Determined to Believe: Chapter 14 - The Potter Both Shapes and Responds to the Clay

This is a book study on John Lennox’s book ‘Determined to Believe: The Sovereignty of God, Freedom, Faith, and Human Responsibility’. Lennox openly acknowledges that he has not provided definite solutions to these deep questions of the faith and that there is mystery involved. He clearly acknowledges that God is sovereign, but that we need to think carefully about what the word ‘sovereign’ means Biblically. This book, per my understanding, is an invitation for Christians to spend time thinking deeply about what the Bible means when it describes God as sovereign.

Greetings fellow bookies (@Interested_in_book_studies) - we are now on Chapter 14! I look forward to hearing your favorite quotes and your reflections on this subject matter.

My main takeaways were:

  • “The action of the potter is not capricious – the clay is living and what the potter does with it is in part dependent on its response to him.”
  • The vessels of mercy are the ones who respond to the grace of God in Christ Jesus of their own will
  • we should pay attention when our moral judgment is offended by a particular portrayal of God

Key Scripture

Jeremiah 18:5-10 - Then the word of the Lord came to me. 6 He said, “Can I not do with you, Israel, as this potter does?” declares the Lord. “Like clay in the hand of the potter, so are you in my hand, Israel. 7 If at any time I announce that a nation or kingdom is to be uprooted, torn down and destroyed, 8 and if that nation I warned repents of its evil, then I will relent and not inflict on it the disaster I had planned. 9 And if at another time I announce that a nation or kingdom is to be built up and planted, 10 and if it does evil in my sight and does not obey me, then I will reconsider the good I had intended to do for it.

Questions for Discussion

  1. How does reading the passage from Jeremiah 18 about the potter to which Paul is alluding in Romans 9 help us understand that Paul is not talking about predestination to salvation? Or does it?
  2. What do you think of Lennox’s overall analysis of the issue of the hardening of Pharaoh’s heart?
  3. Why should we pay attention to our moral judgment? What is the difference between acknowledge God’s thoughts are higher than our thoughts and recognizing that God gave us our moral sensibilities? Has the fall so impacted or moral compass that we ought not even pay attention to it?


it is not so much that it offends our rational minds and that God’s thoughts are beyond and above our thoughts, but that it offends our moral judgment.

There are only two possible logical responses to this. Either the premise (God’s will is irresistible) is correct, and the deduction (God has no right to find fault) is false; or the premise is incorrect and so the argument collapses.

The climax of Stephen’s speech to the Sanhedrin at Jerusalem demonstrates that resistance to God has been a sad characteristic of the people of Israel throughout their history:

Over the course of events there seems to be a swing between Pharaoh’s own actions and God’s, which might well indicate that this story illustrates both human responsibility and God’s sovereignty.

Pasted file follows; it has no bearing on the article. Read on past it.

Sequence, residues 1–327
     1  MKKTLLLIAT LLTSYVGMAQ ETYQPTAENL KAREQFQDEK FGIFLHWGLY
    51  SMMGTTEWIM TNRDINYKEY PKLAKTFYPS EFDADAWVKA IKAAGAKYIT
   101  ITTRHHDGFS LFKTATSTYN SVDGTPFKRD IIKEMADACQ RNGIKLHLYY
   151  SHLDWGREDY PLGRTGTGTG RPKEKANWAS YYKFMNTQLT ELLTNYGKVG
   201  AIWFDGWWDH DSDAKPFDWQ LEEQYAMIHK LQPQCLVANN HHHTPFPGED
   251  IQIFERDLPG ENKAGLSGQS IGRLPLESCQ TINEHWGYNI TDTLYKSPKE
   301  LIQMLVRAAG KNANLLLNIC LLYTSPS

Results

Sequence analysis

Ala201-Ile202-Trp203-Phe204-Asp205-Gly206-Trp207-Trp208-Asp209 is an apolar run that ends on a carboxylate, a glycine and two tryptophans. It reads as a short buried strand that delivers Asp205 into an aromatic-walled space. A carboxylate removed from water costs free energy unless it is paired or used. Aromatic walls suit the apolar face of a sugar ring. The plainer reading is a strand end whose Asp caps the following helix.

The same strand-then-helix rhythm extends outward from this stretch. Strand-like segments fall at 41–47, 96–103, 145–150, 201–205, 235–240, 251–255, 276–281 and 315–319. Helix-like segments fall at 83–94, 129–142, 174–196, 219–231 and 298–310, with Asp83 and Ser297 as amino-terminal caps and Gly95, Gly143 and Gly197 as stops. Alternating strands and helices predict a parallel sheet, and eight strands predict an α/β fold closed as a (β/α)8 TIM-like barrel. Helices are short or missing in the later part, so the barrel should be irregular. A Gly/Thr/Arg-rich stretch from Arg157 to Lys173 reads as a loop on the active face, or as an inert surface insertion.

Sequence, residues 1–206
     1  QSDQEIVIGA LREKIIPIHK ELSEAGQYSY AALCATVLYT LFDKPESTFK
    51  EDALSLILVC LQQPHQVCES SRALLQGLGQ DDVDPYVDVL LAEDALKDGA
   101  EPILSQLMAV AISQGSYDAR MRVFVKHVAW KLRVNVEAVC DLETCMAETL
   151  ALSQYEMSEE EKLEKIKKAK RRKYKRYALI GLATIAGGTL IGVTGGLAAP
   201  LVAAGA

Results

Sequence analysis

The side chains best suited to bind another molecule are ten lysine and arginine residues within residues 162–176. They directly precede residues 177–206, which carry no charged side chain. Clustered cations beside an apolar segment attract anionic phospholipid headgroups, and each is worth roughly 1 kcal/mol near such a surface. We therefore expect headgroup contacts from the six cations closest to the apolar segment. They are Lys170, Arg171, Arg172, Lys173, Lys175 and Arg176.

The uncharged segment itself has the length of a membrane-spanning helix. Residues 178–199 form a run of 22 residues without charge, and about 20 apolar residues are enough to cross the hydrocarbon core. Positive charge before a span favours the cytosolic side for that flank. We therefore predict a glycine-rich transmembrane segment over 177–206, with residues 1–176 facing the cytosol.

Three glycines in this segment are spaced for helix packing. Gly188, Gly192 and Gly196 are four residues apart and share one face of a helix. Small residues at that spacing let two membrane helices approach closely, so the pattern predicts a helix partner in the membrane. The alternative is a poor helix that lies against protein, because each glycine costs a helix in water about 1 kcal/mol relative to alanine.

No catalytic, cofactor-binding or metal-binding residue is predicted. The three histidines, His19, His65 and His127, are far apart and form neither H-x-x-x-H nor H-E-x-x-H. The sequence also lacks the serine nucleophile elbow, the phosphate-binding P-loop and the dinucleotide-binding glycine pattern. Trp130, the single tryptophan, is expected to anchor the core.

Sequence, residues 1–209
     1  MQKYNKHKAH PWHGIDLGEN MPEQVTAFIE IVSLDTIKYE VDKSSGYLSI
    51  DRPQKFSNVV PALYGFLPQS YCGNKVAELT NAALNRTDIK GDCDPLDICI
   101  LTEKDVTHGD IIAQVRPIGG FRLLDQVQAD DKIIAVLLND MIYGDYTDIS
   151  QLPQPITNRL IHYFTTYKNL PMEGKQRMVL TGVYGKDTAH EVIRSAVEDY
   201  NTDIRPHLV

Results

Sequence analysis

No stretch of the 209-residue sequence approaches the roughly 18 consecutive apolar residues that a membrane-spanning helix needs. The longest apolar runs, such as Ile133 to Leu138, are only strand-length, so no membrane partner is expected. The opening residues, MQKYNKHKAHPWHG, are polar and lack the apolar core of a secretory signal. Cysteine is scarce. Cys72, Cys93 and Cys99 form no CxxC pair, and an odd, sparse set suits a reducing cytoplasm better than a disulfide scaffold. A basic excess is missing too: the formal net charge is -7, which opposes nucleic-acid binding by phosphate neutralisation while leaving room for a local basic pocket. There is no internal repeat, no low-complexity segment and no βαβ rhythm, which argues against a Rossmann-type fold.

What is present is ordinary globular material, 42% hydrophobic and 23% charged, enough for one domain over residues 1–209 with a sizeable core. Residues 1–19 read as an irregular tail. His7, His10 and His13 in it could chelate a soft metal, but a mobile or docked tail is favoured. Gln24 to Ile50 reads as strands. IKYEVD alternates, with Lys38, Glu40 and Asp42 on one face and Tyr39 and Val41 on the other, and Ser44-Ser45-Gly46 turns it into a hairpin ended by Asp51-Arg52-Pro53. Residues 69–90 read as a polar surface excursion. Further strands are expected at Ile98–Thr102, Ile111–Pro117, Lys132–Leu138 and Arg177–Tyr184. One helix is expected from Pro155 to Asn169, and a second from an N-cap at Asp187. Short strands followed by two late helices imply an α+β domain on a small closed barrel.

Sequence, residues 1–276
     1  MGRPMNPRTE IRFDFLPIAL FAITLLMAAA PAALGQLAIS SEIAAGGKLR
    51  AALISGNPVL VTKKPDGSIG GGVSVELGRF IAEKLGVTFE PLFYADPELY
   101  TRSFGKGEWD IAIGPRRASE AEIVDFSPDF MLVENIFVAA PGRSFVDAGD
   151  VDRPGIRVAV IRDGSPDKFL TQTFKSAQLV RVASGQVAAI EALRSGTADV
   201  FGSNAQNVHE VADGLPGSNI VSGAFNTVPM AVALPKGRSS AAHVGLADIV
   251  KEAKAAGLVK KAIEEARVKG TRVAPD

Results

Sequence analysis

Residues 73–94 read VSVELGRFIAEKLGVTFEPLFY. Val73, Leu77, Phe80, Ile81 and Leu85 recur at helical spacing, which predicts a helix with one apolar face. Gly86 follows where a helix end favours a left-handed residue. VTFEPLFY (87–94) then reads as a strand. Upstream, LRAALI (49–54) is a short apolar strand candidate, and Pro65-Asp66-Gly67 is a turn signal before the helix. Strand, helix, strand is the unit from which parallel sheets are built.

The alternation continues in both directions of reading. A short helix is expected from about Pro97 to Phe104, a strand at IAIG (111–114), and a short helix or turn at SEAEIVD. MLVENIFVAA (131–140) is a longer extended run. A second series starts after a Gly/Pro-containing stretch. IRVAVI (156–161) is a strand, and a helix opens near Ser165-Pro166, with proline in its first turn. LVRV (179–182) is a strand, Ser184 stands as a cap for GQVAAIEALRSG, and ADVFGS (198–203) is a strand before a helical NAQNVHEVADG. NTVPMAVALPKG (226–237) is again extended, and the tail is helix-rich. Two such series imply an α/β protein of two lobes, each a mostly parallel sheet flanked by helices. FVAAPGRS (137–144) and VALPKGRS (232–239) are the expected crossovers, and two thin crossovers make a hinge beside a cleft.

what does the hardening of the heart mean in this context? The deterministic answer is that it has to do with Pharaoh’s eternal destiny. The immediate impression given by the text, however, is that it has to do with the stiffening of Pharaoh’s resolve not to lose the vast Hebrew slave labour force on which his economy was dependent.

To use a phrase that we shall soon discuss in Romans 9, he had prepared himself for destruction (Romans 9:22). Now that he had demonstrated that he deserved judgment, God chose to exercise his right to do so in a particular way that would sound out a powerful message to the world.

If a person rejects that message, there is no alternative means of salvation. This applies not only to Pharaoh but also to Israel, as we shall see in Romans 11.

The action of the potter is not capricious – the clay is living and what the potter does with it is in part dependent on its response to him.

The whole thrust of the gospel is to bring forgiveness and justification to children of wrath – which means all human beings. In that sense, we are all of the same “lump”.

Some will respond positively and become believers, and even vessels of mercy; whereas others will respond negatively and remain children of wrath.


This is just a question about fairness as it comes up often in these conversations.

Could I claim that God is still not fair even if his decisions are not capricious? I am not arguing for this position but when we talk about fairness it just pops up out of thin air; everything seems to be fine and in walks fairness. Where does this come from?

I believe the best place to observe fairness in action is the playground. I am going to stick my neck out and say that if hang around a playground or it equivalent anywhere in the world it will not be long before you heard these words “that’s not fair”. Why is there a sense of fairness and why do we differ in what fairness is?

I hope this makes sense but at the heart of all this the idea of fairness is always there regardless of where one fall on the issue of determinism or free will.

1 Like

@Jimmy_Sellers Great point! That innate sense of fairness appears to be part of Lennox’s argument. The idea that God predetermines who is saved strikes us as immoral (unfair) because if God behaved that way it would in fact be unjust. At least that is my understanding of part of his argument in this chapter.

1 Like